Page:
Vietnam has turned a tactical retreat on the issue of refugees into a major propaganda victory, in the opinion of U.S. diplomats at the U.N. conference on Indochinese refugees that ended Saturday night.

"It was brilliant," said a senior U.S. official. "They got everyone to thank them for ending a crisis that they caused in the first place."

He noted that the Vietnamese even managed to get the implicit endorsement of U.N. Secretary General Kurt Waldheim by maneuvering him into giving maximum impact to their decision to halt the flow of the boat people.

The Vietnamese repeatedly had told reporters before the conference ended that the French idea of a moratorium on refugee departures merely was worthy of study.

But at the close of the conference, Waldheim dramatically announced. "The government of the Socialist Republic of Vietnam has authorized me to inform you that, for a reasonable period of time, it will make every effort to stop illegal departures."

The Vietnamese do not hide their desire to continue to get rid of large numbers of people. U.S. analysts say they believe Hanoi backtracked because it realized it was losing most of its support among people and countries that strongly had backed it against the United States during the Vietnam War.

The moral capital that Hanoi had amassed in the world was threatening to go down along with the unseaworthy boats breaking up in the South China Sea.

In the United States, war resisters, such as Joan Baez, had turned against Vietnam. Sweden and Yugoslavia, formerly Vietnam's strongest independent supporters in Europe, were making their disaffection increasingly clear.

The European Common Market diverted all its aid for Vietnam to helping the boat people. A large proportion of the reflexively anti-American, French leftist intellectuals publicly were beating their breasts about having been mistaken to support Indochina's Communists.

The Vietnamese attending the conference gave no outward indication of being disturbed. Vietnamese delegation chief Phan Hien said in response to Vice President Walter Mondale's strictures that the Americans "have no lessons to give us."

Phan said people were fleeing Vietnam simply because they had been subjected to a "formidable" propaganda campaign, presumably Chinese and American.

Some staffers of the U.N. High Commissioner for Refugees went even beyond the American view that Waldheim was cleverly manipulated by the Vietnamese. They expressed outrage that Waldheim should present as a political victory what is likely to be the creation of a giant prison to "protect" Vietnam's own people from the hazards of escape.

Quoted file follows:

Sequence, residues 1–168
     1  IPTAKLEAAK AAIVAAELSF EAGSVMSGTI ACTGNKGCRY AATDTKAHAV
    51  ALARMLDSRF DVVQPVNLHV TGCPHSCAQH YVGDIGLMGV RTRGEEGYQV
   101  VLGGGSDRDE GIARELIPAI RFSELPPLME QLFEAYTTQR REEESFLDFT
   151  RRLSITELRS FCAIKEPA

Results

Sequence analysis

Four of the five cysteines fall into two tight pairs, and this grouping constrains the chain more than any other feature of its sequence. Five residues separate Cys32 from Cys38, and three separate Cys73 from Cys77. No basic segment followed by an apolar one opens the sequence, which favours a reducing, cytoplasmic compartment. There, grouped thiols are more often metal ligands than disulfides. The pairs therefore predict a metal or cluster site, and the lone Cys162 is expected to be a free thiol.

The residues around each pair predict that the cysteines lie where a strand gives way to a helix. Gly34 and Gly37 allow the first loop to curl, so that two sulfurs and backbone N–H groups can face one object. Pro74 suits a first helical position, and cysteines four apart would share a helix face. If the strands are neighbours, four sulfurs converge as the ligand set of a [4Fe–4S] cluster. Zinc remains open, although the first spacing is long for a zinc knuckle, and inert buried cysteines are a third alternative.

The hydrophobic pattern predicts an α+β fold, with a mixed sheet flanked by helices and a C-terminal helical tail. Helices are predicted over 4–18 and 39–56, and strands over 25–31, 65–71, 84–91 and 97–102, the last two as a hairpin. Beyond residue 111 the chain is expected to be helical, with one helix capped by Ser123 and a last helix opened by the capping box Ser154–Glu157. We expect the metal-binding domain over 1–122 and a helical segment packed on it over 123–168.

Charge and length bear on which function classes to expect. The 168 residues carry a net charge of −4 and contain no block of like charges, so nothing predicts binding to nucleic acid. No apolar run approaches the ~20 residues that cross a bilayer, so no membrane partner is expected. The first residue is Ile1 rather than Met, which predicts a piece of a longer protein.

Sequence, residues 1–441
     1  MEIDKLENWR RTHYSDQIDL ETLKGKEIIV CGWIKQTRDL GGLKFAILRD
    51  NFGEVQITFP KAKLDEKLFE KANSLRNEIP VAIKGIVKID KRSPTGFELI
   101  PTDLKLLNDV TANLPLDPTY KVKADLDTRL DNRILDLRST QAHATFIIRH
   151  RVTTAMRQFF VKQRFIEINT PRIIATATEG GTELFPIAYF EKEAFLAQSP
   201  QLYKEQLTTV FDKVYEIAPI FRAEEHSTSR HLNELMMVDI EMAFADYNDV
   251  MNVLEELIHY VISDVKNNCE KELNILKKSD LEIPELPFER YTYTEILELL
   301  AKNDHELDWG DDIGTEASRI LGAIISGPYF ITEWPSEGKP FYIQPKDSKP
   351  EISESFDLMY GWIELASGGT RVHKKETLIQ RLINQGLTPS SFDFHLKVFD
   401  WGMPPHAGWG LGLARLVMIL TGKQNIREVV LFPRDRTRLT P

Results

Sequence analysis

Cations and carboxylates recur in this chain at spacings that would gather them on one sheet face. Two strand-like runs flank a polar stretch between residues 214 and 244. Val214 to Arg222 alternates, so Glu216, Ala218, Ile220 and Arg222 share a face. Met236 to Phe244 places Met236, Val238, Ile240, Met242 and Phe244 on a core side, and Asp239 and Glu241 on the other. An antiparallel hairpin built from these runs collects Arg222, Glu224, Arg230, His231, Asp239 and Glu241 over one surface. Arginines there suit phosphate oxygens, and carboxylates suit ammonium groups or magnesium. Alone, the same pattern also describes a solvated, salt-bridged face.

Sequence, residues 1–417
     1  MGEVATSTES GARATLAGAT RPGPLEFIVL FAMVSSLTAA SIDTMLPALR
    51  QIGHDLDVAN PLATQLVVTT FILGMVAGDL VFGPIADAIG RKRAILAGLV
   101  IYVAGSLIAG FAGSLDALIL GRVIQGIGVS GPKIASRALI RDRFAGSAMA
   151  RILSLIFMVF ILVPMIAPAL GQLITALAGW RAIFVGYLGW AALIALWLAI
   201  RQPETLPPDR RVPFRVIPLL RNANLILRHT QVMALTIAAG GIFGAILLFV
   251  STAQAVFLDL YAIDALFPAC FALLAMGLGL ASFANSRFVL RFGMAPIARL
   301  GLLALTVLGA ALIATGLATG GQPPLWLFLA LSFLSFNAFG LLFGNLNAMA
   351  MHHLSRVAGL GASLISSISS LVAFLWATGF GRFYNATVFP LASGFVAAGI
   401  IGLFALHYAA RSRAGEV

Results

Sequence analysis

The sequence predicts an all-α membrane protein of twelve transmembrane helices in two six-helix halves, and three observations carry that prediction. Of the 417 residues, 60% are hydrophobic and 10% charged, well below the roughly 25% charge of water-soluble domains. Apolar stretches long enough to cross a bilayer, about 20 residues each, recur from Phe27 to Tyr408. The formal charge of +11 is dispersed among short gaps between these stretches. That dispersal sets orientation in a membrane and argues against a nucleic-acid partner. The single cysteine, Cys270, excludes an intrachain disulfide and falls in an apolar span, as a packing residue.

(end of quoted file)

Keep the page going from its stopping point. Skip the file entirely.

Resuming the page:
Top-level Americans did not go that far. They expressed some confidence that the Vietnamese, having already made a major tactical confession under the pressure of international opinion, would not risk sacrificing their propaganda victory by once again offending their own supporters with the spectacle of Vietnamese gunboats sinking refugees' rafts.

Yet, Phan Hien spoke menacingly of his country's laws allowing "severe punishment of illegal departures."

The Vietnamese admission, in effect, that they can control the exodus, has an obvious counterpart. If the Vietnamese do what the French and others have asked them to do by accepting a mortatorium on "illegal" departures, and Westerner who complains about how that moratorium is enforced seems bound to be confronted with a Vietnamese response that amounts to: "Make up your mind what it is you really want."

The American answer at this point seems to be to walk a relatively fine line between continuing to condemn Vietnamese policies while trying to enlist Vietnamese support for the organization of an orderly flow of refugees.

The Americans claim credit for getting China to tone down its insults toward Vietnam in Geneva and for getting the British to accept the notion that the Geneva conference, originally British Prime Minister Margaret Thatcher's idea, should be more than an opportunity for everyone to feel better by taking a few good pokes at Hanoi.

On the one hand, the Americans say they have informed Hanoi this week that they are willing to send U.S. consular officers to Ho Chi Minh City to speed up and regularize U.S. immigration procedures for would-be refugees.

On the other hand, the Americans say they will support any call, especially from U.S. friends in Southeast Asia, to rake Vietnam over the moral coals at the U.N. Security Council.

From the U.S. viewpoint, a Security Council session would be useful to rub some of the shine off the Vietnamese public-relations victory in Geneva.

The Americans also want a Security Council debate because the situation of the refugees from Cambodia and Laos did not really get much of an airing at Geneva.

The Americans seemed happy to let the French in particular have all the credit they clearly seemed to want for the two key ideas that spelled the success of the conference - the moratorium on refugee departures and the establishment of processing centers inside Vietnam.

The Southeast Asian countries with overcrowded refugee camps were visibly relieved that the pressure of the exodus would be reduced. The Americans kept publicly hailing the "compassion" of receiving countries such as Malaysia that, in reality, had been pushing refugee boats back into the sea.

Those who raised questions about whether Vietnam would be turned into a giant Gulag were not very popular with most of the diplomats at Geneva. Some cynics suggested that the international conscience would be eased even if the dying in Vietnam continued, because it would be comfortably out of sight of diplomats and international bureaucrats.